Jump to: navigation, search

Lathyrism


Lathyrism a disease caused by the consumption of seeds of certain species of Lathyrus, mainly L. sativus (chick pea or chickling vetch), L. cicera (flat-podded vetch) and L. clymenum (Spanish vetchling). Large population of Bangladesh, India, and Algeria and less commonly in France, Italy, Spain, Australia and some other countries habitually eats these seeds. This disease is prevalent among horse and cattle as well as in man.

In an ancient Hindu treatise, Bhavaprakasa, it has been mentioned that 'the triputa pulse causes a man to become lame and it cripples and irritate nerves'. Hippocrates (c 400 BC) was also aware that certain peas were toxic to human beings. In the seventeenth century a ban was imposed on the consumption of chickling vetch in Wuttenberg. In 1873, Cantani in Italy named the disease as Lathyrism. A survey conducted as early as 1833 in India reported patients suffering from neurolathyrism in the villages where this crippling disease affects poor section of the people especially under conditions of famine when L. sativus, locally called khesari, forms the main part of the diet and several workers have since recorded such cases from time to time. Occasional use of the pulse, however, appears to be harmless.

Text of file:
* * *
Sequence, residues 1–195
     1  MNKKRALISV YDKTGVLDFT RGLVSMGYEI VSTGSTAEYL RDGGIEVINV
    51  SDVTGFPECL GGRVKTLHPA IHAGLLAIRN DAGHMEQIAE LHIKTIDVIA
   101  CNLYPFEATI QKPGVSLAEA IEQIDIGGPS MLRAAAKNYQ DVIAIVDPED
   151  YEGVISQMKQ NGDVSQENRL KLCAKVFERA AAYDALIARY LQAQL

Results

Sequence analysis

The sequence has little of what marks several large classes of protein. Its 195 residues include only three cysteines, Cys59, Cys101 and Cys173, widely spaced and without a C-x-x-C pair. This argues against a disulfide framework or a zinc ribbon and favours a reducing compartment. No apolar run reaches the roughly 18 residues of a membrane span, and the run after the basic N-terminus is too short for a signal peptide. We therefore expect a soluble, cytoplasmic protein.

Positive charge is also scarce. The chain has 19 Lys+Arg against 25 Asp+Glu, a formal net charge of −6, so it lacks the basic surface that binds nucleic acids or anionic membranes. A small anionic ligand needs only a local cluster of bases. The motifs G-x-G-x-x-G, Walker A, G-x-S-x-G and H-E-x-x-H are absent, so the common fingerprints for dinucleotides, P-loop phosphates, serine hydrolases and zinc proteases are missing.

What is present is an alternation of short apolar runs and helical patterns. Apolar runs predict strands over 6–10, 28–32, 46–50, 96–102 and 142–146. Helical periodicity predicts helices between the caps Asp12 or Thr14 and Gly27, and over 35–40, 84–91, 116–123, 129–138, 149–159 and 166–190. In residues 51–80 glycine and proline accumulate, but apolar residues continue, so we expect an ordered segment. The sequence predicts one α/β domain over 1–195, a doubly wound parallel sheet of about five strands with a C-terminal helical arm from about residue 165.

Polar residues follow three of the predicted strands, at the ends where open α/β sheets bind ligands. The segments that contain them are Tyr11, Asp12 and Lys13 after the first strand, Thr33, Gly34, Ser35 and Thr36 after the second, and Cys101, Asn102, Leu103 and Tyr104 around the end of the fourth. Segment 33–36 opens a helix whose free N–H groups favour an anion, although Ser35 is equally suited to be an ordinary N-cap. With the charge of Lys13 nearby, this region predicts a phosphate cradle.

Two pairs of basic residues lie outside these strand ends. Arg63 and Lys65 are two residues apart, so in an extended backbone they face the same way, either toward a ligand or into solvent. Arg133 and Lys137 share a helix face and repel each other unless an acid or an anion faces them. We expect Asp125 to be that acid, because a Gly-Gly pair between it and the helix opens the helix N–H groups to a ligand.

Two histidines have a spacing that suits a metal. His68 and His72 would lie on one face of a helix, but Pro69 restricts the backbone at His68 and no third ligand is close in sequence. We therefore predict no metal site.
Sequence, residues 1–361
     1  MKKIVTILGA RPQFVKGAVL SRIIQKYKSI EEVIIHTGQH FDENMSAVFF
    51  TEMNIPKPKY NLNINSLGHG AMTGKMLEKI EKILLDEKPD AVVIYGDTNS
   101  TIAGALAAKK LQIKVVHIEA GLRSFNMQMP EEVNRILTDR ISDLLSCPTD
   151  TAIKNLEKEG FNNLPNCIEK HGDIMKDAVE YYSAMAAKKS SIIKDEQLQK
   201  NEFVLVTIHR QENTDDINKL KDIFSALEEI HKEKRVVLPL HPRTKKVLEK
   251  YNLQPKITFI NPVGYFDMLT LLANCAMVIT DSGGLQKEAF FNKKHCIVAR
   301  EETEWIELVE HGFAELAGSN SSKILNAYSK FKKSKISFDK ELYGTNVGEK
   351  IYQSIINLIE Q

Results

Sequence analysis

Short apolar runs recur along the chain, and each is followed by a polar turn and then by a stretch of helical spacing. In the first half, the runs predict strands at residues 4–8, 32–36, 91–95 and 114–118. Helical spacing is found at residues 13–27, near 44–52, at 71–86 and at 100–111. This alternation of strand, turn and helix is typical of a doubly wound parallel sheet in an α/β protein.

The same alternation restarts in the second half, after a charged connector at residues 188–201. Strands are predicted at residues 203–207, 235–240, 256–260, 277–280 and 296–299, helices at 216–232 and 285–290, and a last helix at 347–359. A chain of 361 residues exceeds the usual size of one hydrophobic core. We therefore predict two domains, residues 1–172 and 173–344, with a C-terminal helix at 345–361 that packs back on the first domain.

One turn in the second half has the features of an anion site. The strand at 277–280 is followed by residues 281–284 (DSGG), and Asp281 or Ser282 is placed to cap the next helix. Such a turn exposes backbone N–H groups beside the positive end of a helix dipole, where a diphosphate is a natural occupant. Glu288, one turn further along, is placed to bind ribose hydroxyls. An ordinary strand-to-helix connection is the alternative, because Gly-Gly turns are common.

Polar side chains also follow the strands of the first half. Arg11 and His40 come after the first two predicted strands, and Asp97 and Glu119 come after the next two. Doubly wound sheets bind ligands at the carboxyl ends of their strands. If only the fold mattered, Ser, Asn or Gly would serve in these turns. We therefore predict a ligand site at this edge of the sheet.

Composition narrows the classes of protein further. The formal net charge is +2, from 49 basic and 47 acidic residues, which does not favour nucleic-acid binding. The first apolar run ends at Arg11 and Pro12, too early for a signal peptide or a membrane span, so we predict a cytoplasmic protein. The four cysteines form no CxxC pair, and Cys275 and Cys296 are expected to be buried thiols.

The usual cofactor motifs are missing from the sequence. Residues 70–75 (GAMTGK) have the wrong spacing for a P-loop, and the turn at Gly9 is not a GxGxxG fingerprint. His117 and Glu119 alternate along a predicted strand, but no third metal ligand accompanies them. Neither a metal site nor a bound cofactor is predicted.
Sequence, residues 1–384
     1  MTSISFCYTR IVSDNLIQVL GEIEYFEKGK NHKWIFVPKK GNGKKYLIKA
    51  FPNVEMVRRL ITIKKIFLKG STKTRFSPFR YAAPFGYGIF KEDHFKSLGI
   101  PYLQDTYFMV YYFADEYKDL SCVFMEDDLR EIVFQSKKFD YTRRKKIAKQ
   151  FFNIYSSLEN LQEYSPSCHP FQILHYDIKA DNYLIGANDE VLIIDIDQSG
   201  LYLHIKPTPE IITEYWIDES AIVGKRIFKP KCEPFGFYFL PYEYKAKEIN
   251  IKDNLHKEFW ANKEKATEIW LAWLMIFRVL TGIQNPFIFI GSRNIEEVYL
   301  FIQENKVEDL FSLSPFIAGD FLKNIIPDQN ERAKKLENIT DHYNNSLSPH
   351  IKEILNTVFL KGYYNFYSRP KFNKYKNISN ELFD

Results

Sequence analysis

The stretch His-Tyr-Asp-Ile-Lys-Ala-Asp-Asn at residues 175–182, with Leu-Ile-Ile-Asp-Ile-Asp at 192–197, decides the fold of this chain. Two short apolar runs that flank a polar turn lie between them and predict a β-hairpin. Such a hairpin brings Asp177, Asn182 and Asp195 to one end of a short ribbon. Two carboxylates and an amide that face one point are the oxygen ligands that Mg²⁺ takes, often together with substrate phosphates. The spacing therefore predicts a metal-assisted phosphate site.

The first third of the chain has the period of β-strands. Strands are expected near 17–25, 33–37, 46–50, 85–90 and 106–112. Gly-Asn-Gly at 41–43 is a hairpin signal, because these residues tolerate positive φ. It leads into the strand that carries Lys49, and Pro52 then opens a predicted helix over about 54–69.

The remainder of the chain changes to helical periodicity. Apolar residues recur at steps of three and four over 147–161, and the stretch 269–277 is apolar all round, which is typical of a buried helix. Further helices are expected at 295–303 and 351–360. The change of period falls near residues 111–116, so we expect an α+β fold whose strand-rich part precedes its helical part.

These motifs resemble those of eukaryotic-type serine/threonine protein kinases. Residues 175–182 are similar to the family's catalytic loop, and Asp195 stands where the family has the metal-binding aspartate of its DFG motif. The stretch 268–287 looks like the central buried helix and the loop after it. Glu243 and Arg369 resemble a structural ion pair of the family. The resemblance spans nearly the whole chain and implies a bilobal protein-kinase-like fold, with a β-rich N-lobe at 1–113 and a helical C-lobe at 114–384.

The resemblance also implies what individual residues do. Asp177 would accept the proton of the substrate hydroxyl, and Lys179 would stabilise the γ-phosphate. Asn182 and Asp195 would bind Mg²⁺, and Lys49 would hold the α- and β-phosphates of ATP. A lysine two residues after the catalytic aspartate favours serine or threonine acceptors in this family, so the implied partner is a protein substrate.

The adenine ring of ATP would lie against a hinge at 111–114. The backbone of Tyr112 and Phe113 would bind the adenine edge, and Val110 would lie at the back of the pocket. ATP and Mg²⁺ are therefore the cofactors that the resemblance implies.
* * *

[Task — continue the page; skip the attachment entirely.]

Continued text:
Several epidemics were reported in the past in Bangladesh, especially in the west and northwest part of the country where khesari is produced in large quantities and is consumed as a major food item. Specially the agricultural labourers take rutee or chapatee made of khesari at lunch. Animals are equally susceptible to this disease. In human, the disease generally appears whenever a diet consisting of one third to one half of L. sativus seed is consumed for 3-6 months. The onset of the neurolathyrism is often sudden and it usually occurs during monsoon. In the early stage the patient finds difficulty in walking; the gait becomes jerky and the legs may have to cross while walking. Thigh and calf muscle become rigid and lower limbs are paralysed and death occurs in extreme cases.

Lathyrism is more prevalent in young males. In case of horse and cattle the limbs and the muscle of larynx are paralyzed and the animal suffers suffocation. In human, the lesions on the spinal cord indicate permanent destruction of tracts. In animal the disease is transient suggesting ischaemia and interference with function rather than permanent destruction of affected cord. No effective remedy has been found for lathyrism. Prostigmin gave only slight relief from pain in earlier stage. Putting the patient on a nutritive diet and stopping the intake of khesari check the disease. Boiling in water or by repeated steeping in hot water and discarding the extracts can detoxify the seeds. Roasting the seeds at 140'C for 15-20 minutes results in 80-90% destruction of the neurotoxins. [M Kabirullah]

See also grass pea.